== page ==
Annual refresher training of miners; minimum courses of instruction; hours of instruction.
Each miner shall receive a minimum of 8 hours of annual refresher training as prescribed in this section.
The annual refresher training program for all miners shall include the following courses of instruction:
Mandatory health and safety standards. The course shall include mandatory health and safety standard requirements which are related to the miner's tasks.
Transportation controls and communication systems. The course shall include instruction on the procedures for riding on and in mine conveyances; the controls in effect for the transportation of miners and materials; and the use of the mine communication systems, warning signals, and directional signs.
Barricading. The course shall include a review of the methods of barricading and locations of barricading materials, where applicable.
Roof or ground control, ventilation, emergency evacuation and firefighting plans. The course shall include a review of roof or ground control plans in effect at the mine and the procedures for maintaining and controlling ventilation. In addition, for underground coal mines, except for miners who receive this training under 30 CFR 75.1504, the course shall include a review of the emergency evacuation and firefighting program of instruction in effect at the mine.
First aid. The course shall include a review of first aid methods acceptable to MSHA.
Electrical hazards. The course shall include recognition and avoidance of electrical hazards.
Prevention of accidents. The course shall include a review of accidents and causes of accidents, and instruction in accident prevention in the work environment.
Self-rescue and respiratory devices. The course shall include instruction and demonstration in the use, care, and maintenance of self-rescue and respiratory devices used at the mine. In addition, except for miners who receive this training under 30 CFR 75.1504, the training for self-contained self-rescue (SCSR) devices shall include:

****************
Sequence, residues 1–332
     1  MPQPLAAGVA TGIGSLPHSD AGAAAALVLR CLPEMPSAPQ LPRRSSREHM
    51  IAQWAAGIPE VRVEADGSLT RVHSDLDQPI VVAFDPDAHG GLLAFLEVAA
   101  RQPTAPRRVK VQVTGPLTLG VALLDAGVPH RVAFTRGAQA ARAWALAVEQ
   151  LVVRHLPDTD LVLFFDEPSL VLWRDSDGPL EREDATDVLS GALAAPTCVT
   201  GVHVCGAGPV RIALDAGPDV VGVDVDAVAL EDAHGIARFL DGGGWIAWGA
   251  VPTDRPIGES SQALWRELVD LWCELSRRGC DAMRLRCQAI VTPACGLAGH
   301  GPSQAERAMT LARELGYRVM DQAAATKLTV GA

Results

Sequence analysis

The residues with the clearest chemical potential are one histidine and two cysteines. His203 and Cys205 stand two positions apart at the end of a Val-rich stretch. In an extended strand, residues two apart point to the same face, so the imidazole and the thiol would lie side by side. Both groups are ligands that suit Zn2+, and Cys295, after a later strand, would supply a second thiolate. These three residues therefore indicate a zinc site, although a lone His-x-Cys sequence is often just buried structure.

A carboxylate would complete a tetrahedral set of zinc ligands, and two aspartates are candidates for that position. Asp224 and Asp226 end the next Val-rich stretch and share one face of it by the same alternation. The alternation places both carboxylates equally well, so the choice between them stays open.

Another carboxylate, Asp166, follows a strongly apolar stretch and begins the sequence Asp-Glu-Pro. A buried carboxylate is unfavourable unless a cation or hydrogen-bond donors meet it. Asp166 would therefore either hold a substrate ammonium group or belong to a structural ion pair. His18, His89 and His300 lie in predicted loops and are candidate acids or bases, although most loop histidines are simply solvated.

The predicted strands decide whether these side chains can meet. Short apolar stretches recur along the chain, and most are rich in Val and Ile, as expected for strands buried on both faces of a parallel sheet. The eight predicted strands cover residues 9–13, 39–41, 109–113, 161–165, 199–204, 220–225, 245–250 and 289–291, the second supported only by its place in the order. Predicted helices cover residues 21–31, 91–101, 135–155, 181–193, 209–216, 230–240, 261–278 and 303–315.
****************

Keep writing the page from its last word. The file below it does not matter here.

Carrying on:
Hands-on training in the complete donning of all types of self- contained self-rescue devices used at the mine, which includes assuming a donning position, opening the device, activating the device, inserting the mouthpiece, and putting on the nose clip; and
Hands-on training in transferring between all applicable self- rescue devices.
Explosives. The course shall include a review and instruction on the hazards related to explosives. The only exception to this course component is when there are no explosives used or stored on the mine property.
Mine gases. The course shall include instruction in the detection and avoidance of hazards associated with mine gases.
Health. The course shall include instruction on the purpose of taking dust, noise, and other health measurements and any health control plan in effect at the mine shall be explained. The health provisions of the Act and warning labels shall also be explained.
Such other courses as may be required by the District Manager based on circumstances and conditions at the mine.
Refresher training may include other health and safety subjects that are relevant to mining operations at the mine. Recommended subjects include, but are not limited to, information about the physical and health hazards of chemicals in the miner's work area, the protective measures a miner can take against these hazards, and the contents of the mine's HazCom program.
Where annual refresher training is conducted periodically, such sessions shall not be less than 30 minutes of actual instruction time and the miners shall be notified that the session is part of annual refresher training.